Tuesday, February 22, 2005

Behold the Gates




This past Sunday we made the journey to see Christo and Jeanne-Claude's Gates in Central Park. We were in town to visit with Erica and Sam, and to make their engagement portrait. Our first sight of the Gates was from our taxi as it approached the park towards the Metropolitan Museum of Art. The museum was mobbed, eliminating any chance of viewing the Gates from the roof. After a lunch break at a diner on 82nd Street, we headed into the park by the egyptian gallery on the north side of the MET. The gently curving path was covered in a tunnel of saffron cloth and vinyl structure, which served as a dramatic introduction to the park-wide network of 7,500 gates.

With only enough time to make one trip across the park along the 85th Street Traverse, I wasn't able to spend as much time as would have liked reflecting on the Gates. But perhaps our short visit kept me from over-thinking this ephemeral display so I could enjoy it at a pre-rational level.

In addition to moblogging from the scene so Amy's parents could get a look from Ohio, I also took lots of photos. Indeed, many have remarked that the Gates will likely be the most photographed artwork. Most of the park's visitors had cameras that will, over the course of the 16 days that the Gates will be displayed, no doubt create millions of similar images and video. When the Gates are dismantled for recycling on February 28th, every visitor who took photos will carry into the future a piece of a collective memory of the project much larger than what the artist himself could possibly produce.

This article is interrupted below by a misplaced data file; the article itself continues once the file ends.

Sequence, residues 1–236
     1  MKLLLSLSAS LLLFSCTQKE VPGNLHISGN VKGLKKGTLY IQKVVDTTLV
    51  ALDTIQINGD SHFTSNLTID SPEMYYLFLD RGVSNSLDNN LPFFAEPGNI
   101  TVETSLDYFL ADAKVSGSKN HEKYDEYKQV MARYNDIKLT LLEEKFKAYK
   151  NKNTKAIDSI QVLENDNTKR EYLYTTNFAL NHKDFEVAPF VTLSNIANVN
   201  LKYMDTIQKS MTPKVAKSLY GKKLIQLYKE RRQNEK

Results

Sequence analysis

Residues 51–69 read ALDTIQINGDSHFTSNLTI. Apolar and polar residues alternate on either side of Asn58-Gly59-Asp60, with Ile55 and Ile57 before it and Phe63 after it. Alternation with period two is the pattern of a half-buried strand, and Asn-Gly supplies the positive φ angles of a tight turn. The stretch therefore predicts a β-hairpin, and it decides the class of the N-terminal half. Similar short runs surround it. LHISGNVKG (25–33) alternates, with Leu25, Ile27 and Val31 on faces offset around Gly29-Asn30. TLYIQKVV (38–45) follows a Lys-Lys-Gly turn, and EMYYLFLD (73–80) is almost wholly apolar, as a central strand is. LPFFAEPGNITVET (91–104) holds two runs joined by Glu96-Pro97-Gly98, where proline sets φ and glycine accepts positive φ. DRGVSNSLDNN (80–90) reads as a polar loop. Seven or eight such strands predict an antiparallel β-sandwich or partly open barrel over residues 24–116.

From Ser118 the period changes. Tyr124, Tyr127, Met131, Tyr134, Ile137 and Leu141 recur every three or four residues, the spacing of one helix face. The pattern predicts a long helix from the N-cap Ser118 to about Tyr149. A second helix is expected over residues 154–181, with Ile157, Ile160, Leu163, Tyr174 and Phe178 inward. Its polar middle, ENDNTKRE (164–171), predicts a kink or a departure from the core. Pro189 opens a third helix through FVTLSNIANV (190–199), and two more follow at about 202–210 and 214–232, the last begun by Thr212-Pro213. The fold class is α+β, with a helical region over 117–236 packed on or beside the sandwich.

In a city full of large-scale constructions, the Christo's gift of human-scale gates gave everyone a chance to make art from art.

Here are some more photos from our visit to the Gates.

And some links:

Christo_gates_swatchUPDATE 2/23: One other thing I didn't have time for while we were touring the Gates was to wait for a project volunteer to return with some of the 1,000,000 free sample swatches that are being given away. But sure enough, a search in eBay turned up plenty of them. I ended up using "buy now" to acquire a set of two swatches and postcards. Other items noted are Gates tote bags (made of the same nylon fabric) that were sold at the MET, baseball caps, metal bolts and plastic covers from the gates and a funny entry of Gates made from LEGO Duplo blocks which are selling for $5000. One shouldn't underestimate the ingenuity of native New Yorkers—I fully expect to see a mostly intact Gate on auction after the 28th. There are also enough of these orange fabric samples floating around now that artists will likely incorporate them into their own pieces.

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Thursday, September 11, 2003

My daily commute around the memory of 9/11